The installation artist Mike Nelson, short-listed several years ago for the Turner Prize, fabricates complex and confusing interiors whose references, while somewhat off the wall, are nevertheless based in reality and despite being unable to suspend our disbelief, we are able to be carried along by the illusion as we respect and submit to the richness of Nelson’s imagination. How much more then are we able to suspend our disbelief if we see a photographic image of such a scene? – we are so accustomed to treating photography as a documentary tool, that despite our rationalising about photographic trickery we instinctively believe the photograph, so where is the threshold in this exhibition between reality and artifice, between document and fantasy? The viewer should feel constantly challenged here – nothing should be taken for granted. We might be perceiving snatches of reality that have the demeanour of artifice, or artifice that convinces of its reality, after all silence can be shaped in a plethora of ways. Silence, absence, stasis all provide fodder for the imagination, offering a void that we reflexively, intuitively and imaginatively need to fill out. Silence, as an acoustic void, is like a vacuum that we strive to fill, our subconscious ushering in all manner of imagined or randomly recalled sounds. Our awareness of something’s absence, is a summoning of its presence through a recall of its past presences through an amalgam of recollections, reconstructions and imaginary fabrications. It is notoriously difficult to discern where is the interface between what we perceive as reality and what our imaginations conceive to supplement that reality, to fill in perceived gaps, to shore-up shortcomings or nullify possible threats.

Marc Augé offers an interesting insight in his most recent book, Oblivion, where he states, “We define ourselves as objective observers, at the very most, careful not to let ourselves be carried off into the stories of others, not to let a role be imposed upon us; in doing so we do not think of the fictions we ourselves are living.” Our lives are lived out as unsung, hardly recorded, narratives, each a unique and fascinating journey whose accumulations express who we are. The ten artists in this exhibition each brings his, or her, own unique vision of widely differing interiors, and sometimes their facsimiles, each has their own agenda. In their different ways - predicated on the unique source materials of their differing biographical journeys - they have variously weighted the power of those subtle hints, clues, traces and visual innuendoes proffered by both the general mien and those minutiae of the tiniest details in those deserted interior spaces, that goad and coerce us to arrive at conclusions that ultimately can and must only be our own. We are assailed daily by differing degrees and modes of noise, that add to our experiences of life, hopefully this exhibition will show that we can also experience differing degrees and modes of silence, absences of sounds whose imaginary presences colour the way we perceive our environment. The subliminal sources of silence, might offer a soothing, comforting experience, conducive to meditation, or an uncanny or even sinister experience, that might leave us craving for sound. Silence, when it reigns in our lives is, undoubtedly, a powerful and often ineffable presence.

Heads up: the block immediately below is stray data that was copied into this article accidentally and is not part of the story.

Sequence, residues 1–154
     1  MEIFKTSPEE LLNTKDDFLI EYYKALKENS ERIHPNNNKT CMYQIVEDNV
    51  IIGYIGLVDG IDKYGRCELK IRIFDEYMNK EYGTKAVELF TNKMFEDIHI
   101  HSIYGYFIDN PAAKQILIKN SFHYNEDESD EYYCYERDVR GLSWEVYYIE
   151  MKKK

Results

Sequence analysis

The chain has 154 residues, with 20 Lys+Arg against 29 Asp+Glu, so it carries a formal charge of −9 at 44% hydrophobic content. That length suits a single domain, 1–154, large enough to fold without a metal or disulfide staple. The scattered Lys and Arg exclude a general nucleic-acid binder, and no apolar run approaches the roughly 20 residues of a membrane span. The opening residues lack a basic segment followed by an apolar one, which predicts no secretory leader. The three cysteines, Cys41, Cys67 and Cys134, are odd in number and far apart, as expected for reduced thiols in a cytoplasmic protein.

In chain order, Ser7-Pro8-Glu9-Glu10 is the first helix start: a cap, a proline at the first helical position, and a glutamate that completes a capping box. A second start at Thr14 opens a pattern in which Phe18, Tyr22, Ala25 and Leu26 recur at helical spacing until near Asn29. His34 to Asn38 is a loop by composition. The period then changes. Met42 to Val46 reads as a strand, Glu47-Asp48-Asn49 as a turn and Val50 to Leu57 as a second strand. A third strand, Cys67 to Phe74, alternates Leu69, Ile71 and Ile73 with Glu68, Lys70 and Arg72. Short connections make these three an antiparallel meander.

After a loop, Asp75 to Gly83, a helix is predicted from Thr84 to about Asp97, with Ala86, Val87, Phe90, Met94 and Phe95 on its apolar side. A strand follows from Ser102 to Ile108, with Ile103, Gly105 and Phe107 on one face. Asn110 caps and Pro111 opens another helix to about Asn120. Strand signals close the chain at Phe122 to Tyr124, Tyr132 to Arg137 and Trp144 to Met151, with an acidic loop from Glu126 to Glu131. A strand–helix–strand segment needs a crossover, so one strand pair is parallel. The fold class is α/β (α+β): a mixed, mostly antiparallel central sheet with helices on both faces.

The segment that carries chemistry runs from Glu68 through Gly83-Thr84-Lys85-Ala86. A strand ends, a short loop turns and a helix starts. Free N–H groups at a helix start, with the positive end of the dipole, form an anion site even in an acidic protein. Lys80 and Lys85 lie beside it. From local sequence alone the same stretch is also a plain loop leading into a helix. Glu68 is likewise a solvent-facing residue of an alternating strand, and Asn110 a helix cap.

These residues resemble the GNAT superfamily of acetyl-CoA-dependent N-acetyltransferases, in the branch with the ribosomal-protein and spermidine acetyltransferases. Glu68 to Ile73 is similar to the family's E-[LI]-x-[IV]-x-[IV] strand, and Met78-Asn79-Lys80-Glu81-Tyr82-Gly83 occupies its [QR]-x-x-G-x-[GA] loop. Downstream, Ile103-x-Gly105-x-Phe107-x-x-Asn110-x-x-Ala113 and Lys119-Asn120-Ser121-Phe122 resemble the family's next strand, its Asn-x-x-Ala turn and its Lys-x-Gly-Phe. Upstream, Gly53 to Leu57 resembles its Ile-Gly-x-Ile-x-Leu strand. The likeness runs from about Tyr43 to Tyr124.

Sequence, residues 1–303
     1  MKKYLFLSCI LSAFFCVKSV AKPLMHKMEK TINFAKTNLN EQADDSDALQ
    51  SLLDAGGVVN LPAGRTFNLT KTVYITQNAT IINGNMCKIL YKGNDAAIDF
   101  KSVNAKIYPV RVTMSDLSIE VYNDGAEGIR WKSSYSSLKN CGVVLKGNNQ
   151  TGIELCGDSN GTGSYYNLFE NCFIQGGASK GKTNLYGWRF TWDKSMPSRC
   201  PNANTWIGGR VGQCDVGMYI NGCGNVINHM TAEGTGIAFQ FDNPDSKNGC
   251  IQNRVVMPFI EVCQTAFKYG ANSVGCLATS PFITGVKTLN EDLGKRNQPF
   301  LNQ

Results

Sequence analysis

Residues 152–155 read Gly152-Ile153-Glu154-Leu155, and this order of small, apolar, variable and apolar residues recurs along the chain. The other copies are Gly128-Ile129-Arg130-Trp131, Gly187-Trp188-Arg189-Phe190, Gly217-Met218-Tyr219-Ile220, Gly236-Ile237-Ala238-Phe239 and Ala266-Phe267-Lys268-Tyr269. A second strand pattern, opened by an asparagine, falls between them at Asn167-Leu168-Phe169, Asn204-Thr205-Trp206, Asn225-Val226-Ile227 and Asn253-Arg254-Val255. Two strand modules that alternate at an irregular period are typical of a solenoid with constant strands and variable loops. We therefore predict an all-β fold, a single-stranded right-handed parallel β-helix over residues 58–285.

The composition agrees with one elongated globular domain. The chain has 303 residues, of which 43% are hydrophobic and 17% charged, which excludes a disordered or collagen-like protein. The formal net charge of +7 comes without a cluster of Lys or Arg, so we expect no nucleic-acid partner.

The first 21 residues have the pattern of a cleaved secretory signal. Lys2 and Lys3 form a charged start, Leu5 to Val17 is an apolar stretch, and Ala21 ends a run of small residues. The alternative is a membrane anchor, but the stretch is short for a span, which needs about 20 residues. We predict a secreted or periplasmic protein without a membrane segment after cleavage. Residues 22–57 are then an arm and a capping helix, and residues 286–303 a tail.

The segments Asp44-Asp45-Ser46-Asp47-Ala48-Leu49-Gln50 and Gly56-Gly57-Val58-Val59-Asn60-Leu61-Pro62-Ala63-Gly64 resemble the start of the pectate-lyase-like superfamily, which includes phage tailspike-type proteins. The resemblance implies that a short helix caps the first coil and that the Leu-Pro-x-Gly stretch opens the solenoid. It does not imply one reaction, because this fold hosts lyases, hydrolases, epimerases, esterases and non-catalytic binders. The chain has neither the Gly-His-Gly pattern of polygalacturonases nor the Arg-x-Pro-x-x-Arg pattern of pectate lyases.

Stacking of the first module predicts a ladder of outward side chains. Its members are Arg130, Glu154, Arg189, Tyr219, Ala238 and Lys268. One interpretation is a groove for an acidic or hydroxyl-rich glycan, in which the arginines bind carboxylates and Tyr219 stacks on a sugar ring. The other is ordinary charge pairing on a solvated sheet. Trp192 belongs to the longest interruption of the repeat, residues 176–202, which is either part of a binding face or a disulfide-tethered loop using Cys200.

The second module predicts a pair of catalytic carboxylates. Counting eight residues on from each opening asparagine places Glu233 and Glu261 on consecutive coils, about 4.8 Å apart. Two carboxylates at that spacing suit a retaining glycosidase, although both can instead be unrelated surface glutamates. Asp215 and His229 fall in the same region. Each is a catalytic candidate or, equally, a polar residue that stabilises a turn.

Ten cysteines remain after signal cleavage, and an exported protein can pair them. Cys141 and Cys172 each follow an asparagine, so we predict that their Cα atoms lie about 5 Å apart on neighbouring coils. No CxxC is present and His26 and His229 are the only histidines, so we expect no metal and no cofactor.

And these – the dreams – writhed in and about, taking hue from the rooms’ - Edgar Allan Poe.

Roy Exley